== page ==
The economic outlook of the White House budget director
Jim Nussle strikes a note of caution on government finances as the economy potentially slows down.
Washington - In the midst of a budget clash between Congress and the White House, Office of Management and Budget Director Jim Nussle offered a note of caution on how an economic slowdown could affect government finances at a Monitor-sponsored breakfast Wednesday.Skip to next paragraph
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Mr. Nussle spoke to reporters the day after what The Washington Post called "a full-scale battle" broke out in Washington on federal budget issues. The tussle began Tuesday when President Bush vetoed the $606 billion health and education spending bill, which is a top priority for Democrats. In discussing his sixth veto, the president charged the Democratic majority with acting "like a teenager with a new credit card."
Later the same day, Senate majority leader Harry Reid (D) of Nevada said Congress will not authorize additional funds for the war in Iraq without a commitment by Mr. Bush to begin bringing the troops home. The House and Senate were slated to act this week on legislation that would provide $50 billion in war funding and set a goal of ending combat by December 2008. Senator Reid said that if Bush vetoes the measure, "then the president won't get his $50 billion."
"Hopefully just bluster is what I would call what Reid said," Nussle told reporters. "I hope that is all it is and not a serious leadership or legislative position. I hope that the bluster is because he is getting a lot of … blowback from the far left here. But it doesn't answer the question of how are you going to responsibly fund that which we have asked our men and women to do in harm's way."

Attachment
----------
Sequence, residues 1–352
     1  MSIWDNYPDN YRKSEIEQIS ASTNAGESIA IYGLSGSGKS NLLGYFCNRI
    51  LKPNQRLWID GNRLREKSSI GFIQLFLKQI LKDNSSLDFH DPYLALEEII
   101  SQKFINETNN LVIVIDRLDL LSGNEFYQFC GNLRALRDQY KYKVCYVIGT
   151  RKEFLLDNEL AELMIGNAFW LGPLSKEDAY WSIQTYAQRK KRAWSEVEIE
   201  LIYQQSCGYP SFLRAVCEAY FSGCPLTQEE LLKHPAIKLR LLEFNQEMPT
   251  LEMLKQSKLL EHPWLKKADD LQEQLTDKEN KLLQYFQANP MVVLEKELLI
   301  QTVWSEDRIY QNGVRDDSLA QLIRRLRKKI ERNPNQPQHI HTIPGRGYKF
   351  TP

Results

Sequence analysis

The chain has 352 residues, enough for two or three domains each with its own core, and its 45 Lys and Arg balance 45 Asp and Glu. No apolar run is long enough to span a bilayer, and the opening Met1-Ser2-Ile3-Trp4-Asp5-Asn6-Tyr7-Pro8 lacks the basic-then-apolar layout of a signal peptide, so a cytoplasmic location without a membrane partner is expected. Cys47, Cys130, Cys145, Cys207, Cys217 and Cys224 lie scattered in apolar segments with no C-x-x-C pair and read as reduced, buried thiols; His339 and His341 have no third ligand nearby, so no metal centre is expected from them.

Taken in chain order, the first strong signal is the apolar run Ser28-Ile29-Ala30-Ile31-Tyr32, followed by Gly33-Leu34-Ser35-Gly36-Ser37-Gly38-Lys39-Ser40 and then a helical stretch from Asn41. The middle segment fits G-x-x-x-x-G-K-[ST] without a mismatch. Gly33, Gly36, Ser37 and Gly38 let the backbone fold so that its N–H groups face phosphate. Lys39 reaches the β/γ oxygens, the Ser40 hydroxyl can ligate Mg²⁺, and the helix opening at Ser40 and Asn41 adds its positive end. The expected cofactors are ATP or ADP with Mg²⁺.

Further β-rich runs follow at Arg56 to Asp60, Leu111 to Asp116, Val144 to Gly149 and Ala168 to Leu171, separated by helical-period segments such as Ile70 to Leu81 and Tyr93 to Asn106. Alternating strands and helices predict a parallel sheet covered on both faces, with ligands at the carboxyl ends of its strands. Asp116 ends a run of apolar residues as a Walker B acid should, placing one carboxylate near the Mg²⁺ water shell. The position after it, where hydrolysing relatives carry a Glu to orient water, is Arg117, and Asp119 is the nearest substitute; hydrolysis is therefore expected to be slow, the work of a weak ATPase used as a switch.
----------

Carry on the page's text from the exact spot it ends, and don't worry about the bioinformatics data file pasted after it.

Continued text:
Nussle also was critical of a report by the Democratic staff of the Joint Economic Committee, which said the wars in Iraq and Afghanistan had cost the country $1.5 trillion – nearly double the $804 billion the White House has spent or requested for the wars through 2008. The study cited the conflicts' "hidden costs" – including higher oil prices, the expense of treating wounded veterans, and interest payments on the money borrowed to pay for the wars. It also said that the conflicts are pulling reservists and National Guardsmen away from their jobs, resulting in economic disruptions for US employers that the report estimates at $1 billion to $2 billion.
"Unfortunately, what the Joint Economic Committee did, it was used for unfortunately partisan or PR purposes," Nussle said. "The Democrats are having a difficult time right now managing their own caucus vis-à-vis the war funding.... Unfortunately, [on Tuesday] they haven't had any or at least not a lot of recent bad news with regard to the war, and so they decided to manufacture some bad news on their own."
There has been a fair amount of sobering news on the economy lately. Last week, Federal Reserve Chairman Ben Bernanke said the US economy will slow "noticeably" in the final three months of the year. And this week, Augustine Faucher, an economist with Moody's Economy.com, told the Associated Press that he expected the federal budget deficit for the current budget year to rise to about $200 billion.